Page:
The BrainDance is a series of exercises that warm up students' brains and bodies. It is composed of eight developmental movement patterns that healthy human beings naturally move through in the first year of life. As babies, humans do these movements on the floor. However, cycling through these patterns at any age, daily or weekly, while sitting or standing, has been found to be beneficial in reorganizing the central nervous system. It is a satisfying and supportive way to warm up, introduce technique, and focus yourself and your students at the beginning of class. Specific BrainDance warm-up activities appear in chapter 4.
Introducing the Concept
Dancers move to a word wall or charts to see, say, and do the dance concept you have chosen for the lesson. For young students the introduction is brief. Older or more experienced students enjoy discussing and exploring the nuances of the concepts.
Individually exploring a dance concept through guided improvisation.
Exploring the Concept
The dance concepts are internalized through guided improvisation. After the exploration, dancers over age 4 briefly reflect verbally or kinesthetically on what they learned through the activity.
Exploring the Concept
Dancers explore and embody the lesson's dance concept through structured improvisation individually or in pairs, trios, or quartets. Props may be integrated occasionally into the exploration.
Dancers explore the dance concept while creating stable and mobile shapes, often in relationship to others while moving in self- and general space. Props may be added.
Dancers explore the dance concept while playing rhythm instruments in self-space and general space. Rhythm concepts such as pulse and pattern are also explored, as well as locomotor and nonlocomotor skills (see chapter 5). Instrument explorations are most often included in lessons for ages 0 to 6 but may be enjoyed at any age.
Dancers develop skills by learning dance steps and then practicing them in movement combinations for phrasing and flow.
Dancers are introduced to and practice locomotor and nonlocomotor movements and specific dance steps in relation to the dance concept.
Various turns are introduced to strengthen balance and the vestibular system. Turns focusing on the lesson concept may also be integrated into all parts of the lesson plan.
Either the teacher teaches or students create combinations of steps focusing on phrasing, sequencing, memory, and transitions. Leaps and turns are included in combinations when time does not allow for separate exploration of these skills.
To develop the vestibular system, dancers learn and practice various forms of leaps and springs. Young dancers move through obstacle courses that provide opportunities for moving over, under, around, through, on, and off objects such as cones, spots, hoops, and benches.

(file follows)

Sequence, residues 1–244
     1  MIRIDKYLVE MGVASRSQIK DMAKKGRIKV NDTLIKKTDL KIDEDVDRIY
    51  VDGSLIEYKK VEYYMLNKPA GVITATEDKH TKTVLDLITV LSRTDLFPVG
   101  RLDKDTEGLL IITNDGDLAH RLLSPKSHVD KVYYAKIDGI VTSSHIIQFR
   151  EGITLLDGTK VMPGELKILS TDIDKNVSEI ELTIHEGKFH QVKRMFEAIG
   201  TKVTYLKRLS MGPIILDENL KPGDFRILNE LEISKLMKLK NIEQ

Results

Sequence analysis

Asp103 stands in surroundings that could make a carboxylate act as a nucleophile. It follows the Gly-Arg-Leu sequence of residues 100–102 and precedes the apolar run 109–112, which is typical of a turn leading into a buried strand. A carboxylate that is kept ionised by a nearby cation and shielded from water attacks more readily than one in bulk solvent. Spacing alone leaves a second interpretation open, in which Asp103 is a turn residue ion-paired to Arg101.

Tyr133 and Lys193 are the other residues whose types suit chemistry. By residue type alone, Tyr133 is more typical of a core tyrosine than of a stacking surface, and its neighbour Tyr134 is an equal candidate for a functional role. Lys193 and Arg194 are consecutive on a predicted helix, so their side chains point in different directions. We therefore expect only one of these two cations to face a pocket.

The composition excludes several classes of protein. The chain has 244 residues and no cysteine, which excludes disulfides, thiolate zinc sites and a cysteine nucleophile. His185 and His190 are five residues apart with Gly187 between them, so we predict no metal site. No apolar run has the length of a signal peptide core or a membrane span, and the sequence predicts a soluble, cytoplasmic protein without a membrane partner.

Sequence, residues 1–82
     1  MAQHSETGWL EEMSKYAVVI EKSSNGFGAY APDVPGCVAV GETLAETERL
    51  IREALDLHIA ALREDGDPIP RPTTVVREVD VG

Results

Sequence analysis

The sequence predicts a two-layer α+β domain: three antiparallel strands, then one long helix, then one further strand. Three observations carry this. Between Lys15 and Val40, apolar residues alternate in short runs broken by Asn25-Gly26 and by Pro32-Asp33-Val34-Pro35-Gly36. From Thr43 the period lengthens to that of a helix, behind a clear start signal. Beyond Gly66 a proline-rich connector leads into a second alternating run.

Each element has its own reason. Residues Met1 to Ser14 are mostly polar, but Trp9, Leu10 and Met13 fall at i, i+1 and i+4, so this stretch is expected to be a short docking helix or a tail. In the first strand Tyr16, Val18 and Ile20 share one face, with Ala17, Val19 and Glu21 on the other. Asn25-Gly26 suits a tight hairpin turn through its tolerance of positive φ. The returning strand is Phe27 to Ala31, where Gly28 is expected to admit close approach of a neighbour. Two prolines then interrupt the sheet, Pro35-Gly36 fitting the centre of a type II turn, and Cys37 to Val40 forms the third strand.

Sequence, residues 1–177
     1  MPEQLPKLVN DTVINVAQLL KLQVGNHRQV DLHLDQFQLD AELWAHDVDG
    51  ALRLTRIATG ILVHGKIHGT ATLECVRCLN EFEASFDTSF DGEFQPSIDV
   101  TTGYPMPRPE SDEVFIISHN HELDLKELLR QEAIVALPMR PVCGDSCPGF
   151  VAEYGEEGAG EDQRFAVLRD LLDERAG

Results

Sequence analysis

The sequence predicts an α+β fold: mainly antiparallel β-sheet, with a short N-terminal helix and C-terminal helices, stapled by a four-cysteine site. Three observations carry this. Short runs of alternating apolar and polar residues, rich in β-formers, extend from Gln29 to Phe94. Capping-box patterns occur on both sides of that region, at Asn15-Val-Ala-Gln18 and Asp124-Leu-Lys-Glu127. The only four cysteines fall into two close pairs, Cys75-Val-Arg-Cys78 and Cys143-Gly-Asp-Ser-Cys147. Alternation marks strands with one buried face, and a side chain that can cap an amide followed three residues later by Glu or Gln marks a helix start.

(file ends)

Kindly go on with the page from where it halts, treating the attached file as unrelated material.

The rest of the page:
Students explore the lesson concept further through structured improvisation. Students who are ready to work in pairs or small groups explore choreographic devices and forms through choreographic studies or projects.
Improvisation is spontaneous, unplanned movement. These structured improvisations are similar to activities described in the Exploring the Concept section. The difference is that the teacher provides fewer cues and suggestions for movement. Instead of saying "Try moving . . ." the teacher makes "I see" statements that validate the students' movement choices. Structured improvisation provides an opportunity for the teacher to assess the students' understanding of the lesson's dance concept.
Choreography is planned movement. Dancers create dance phrases or studies based on a structure or prompt. The teacher or dancers decide on the structure. These studies provide the perfect opportunity to introduce and explore choreographic forms and devices. Visual art works, poetry, literature, photos, music, natural and manmade objects, and other subject areas provide a wealth of ideas for choreography.
Class concludes with a closing activity that cools down the body through physical movements such as relaxation and stretching or less strenuous movements than performed previously in class. Dancers can also "cool down" by reviewing the lesson concept, sharing improvisations or choreography, and then reflecting through various modes.
Young dancers move across the floor individually or in pairs, trios, or groups illustrating the lesson's dance concept. This activity is a time to evaluate each dancer's understanding and ability to use the dance concept that was explored throughout class.
Relaxation and Alignment
Relaxation, visualization, and alignment exercises are used to reduce stress and become attuned to the body.
Stretching and Reviewing Concepts
Dancers stretch muscles to cool down, gain length, and prevent cramping. While stretching, the dancers may review the lesson's concepts through a variety of modes.
Sharing and Evaluating Choreography
Students perform their dances. Dancers and choreographers constructively evaluate their own and each other's dance compositions. In other words, students comment on what they created or saw in the dance, not what they simply liked or disliked. Students use a variety of reflection modes, such as speaking, writing, drawing, or mirroring movements and shapes viewed in the choreography. They might make statements about the use of the dance concept, other concepts illustrated, transitions, performance skills, or movements and relationships that made the piece exciting or unique. Examples of assessment forms are included on the web resource.
Learn more about Creative Dance for All Ages.